Rumor has it, the key to finding this peace is to pause, breath deep and center your thoughts on something tranquil. This may be true, but the real trick is to prevent getting to this point

As I drove to work one morning since my beach trip, at a point in my travels where I crest a hill and the morning sun shines across the hills of the valley, my thoughts meandered to the calm I felt as I took in the beauty of nature. It was the same calm that happens when I’m free from schedules, deadlines and to do lists.

I may have been driving to work, but my mind and body were calm and free from the typical morning watch the clock en route to work mode.

It was at this point that I realized the key to carrying the calm the beach gives me is to find that calm from nature throughout every day, not just when I’m intentionally taking a break to do so, like a week at the beach or a walk or bike ride on the trail near my house.

I need to consciously pause daily to observe this beauty and soak in the calm.

Observing nature around me when I’m driving is the norm for me, but while in the office it’s a different story. Like most, my office is in a suburban area and I’m stuck in a cubicle. So observing nature takes more of an effort. Not that there aren’t windows in the building, but I have to leave my cubicle to access them which is certainly doable, but standing at the front door staring out may concern my Boss.

It’s a matter of being attentive to the smallest thing, even if just in passing.

A small bird building a nest above the front door, the wind lightly rustling the leaves on the branches of the tree in front of the building or the shadows the sun casts on the sidewalk as it dances through the leaves of the tree.

Allowing my attention to drift from my work to the beauty outside the window is essential to me fulfilling my desire to “hang onto my vacation shine.”

This might seem a bit spacey, but taking just 30 seconds to pause and focus on something other than the task at hand will allow me to clear the clutter of the day from my brain and allow my mind and body to calm itself.

At home I sometimes do this randomly, especially at sunrise and sunset. I’m a real sky watcher and the drama and colors that can explode at those times can stop me in my tracks, and often do.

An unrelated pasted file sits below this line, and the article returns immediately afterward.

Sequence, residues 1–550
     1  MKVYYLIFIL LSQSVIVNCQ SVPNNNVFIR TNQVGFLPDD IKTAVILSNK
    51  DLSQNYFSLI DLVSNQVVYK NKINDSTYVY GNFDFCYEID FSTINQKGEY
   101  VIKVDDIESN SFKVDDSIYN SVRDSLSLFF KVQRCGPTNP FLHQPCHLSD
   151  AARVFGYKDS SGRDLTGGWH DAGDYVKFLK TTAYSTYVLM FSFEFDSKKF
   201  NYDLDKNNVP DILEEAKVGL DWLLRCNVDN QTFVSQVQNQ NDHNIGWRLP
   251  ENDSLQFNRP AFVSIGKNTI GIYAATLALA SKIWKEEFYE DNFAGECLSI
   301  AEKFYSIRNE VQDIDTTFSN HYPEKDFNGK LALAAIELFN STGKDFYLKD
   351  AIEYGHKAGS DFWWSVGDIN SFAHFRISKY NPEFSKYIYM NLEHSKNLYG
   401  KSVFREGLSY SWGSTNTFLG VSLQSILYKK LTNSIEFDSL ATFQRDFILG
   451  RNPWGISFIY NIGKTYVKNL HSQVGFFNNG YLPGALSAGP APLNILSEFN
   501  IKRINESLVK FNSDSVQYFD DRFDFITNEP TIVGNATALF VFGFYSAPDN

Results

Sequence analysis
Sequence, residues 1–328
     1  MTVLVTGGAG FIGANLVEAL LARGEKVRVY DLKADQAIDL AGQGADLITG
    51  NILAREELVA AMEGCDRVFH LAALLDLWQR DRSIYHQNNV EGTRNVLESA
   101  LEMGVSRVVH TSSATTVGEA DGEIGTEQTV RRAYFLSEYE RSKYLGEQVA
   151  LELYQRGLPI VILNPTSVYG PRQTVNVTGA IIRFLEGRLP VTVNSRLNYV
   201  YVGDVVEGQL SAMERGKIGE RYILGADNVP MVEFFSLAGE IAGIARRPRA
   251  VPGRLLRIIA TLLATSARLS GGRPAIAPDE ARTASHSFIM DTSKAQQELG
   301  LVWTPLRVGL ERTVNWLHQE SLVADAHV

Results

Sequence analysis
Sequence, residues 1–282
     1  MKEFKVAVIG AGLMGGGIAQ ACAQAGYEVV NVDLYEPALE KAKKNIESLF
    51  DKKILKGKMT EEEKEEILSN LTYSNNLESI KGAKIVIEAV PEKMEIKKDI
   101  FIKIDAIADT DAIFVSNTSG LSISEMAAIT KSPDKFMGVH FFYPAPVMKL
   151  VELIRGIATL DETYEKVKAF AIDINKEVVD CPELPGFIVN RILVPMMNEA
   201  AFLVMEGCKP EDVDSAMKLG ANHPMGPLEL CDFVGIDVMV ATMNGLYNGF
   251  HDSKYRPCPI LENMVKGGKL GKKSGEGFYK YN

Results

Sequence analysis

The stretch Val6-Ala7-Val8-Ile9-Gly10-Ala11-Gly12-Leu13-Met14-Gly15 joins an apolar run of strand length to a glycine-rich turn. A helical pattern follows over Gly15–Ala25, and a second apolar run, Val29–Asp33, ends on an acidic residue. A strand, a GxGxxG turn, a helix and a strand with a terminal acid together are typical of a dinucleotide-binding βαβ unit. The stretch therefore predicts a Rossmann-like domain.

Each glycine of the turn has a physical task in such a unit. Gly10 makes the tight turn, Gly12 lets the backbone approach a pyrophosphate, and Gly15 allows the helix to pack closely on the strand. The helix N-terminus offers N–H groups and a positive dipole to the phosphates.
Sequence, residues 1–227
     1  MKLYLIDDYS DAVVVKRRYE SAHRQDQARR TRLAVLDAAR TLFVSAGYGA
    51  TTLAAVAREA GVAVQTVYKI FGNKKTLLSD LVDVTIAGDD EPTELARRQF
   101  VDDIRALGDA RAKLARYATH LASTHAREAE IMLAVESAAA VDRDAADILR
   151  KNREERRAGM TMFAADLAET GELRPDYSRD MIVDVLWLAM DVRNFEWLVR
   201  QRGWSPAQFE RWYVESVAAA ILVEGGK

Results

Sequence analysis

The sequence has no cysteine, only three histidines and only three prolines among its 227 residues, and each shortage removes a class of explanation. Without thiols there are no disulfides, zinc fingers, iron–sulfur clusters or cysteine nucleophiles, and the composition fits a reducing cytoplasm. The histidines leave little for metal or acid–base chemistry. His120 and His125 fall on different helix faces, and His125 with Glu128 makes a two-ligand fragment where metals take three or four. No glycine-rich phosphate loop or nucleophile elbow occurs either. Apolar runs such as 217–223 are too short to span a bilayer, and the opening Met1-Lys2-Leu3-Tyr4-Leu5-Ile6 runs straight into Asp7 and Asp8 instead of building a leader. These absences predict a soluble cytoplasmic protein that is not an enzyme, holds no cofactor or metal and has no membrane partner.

SO, I do have this built into my make-up, it’s just a matter of consciously taking a moment during the busy work day to look out the window, soak up natures beauty and recharge, even if I’m not feeling stressed.

The idea of being pro-active when it comes to nipping stress in the bud before it strikes is nothing new. There are plenty of books, magazines and blogs with “how to” info, BUT, what works for one, may not work for another, so the trick is finding what calms you, and then figuring out a way to seek this during the flurry of every day.

For me that thing is obviously nature. It has a soothing effect on me. Using it as “therapy” during the workday is something I never thought of before, at least consciously.

Beyond the anti-stress benefits, I also find being in-tune with nature to be very beneficial to my spiritual growth which just so happens to also tie directly into my road of self-rediscovery.

Whether we want to admit it or not, all journeys of self-discovery or rediscovery involve some level of spiritual awakening or reawakening. After all, we are all spiritual beings having a human experience and our spirit is here to experience all the lessons this life has to offer.

So I see this “30 seconds of nature to stay calm epiphany” as a stepping-stone in my sojourn to rediscover myself. A stepping stone that can turn into a leap if I can truly live by my words.

The pressures of every day will be the real barometer of my success. I’ll keep you posted.

© Mariann E. Danko and Waking the Woman, 2019. All rights reserved.

Goddess Masthead © Pamela Danko-Stout and Waking the Woman, 2019. All rights reserved.

Photos from my personal collection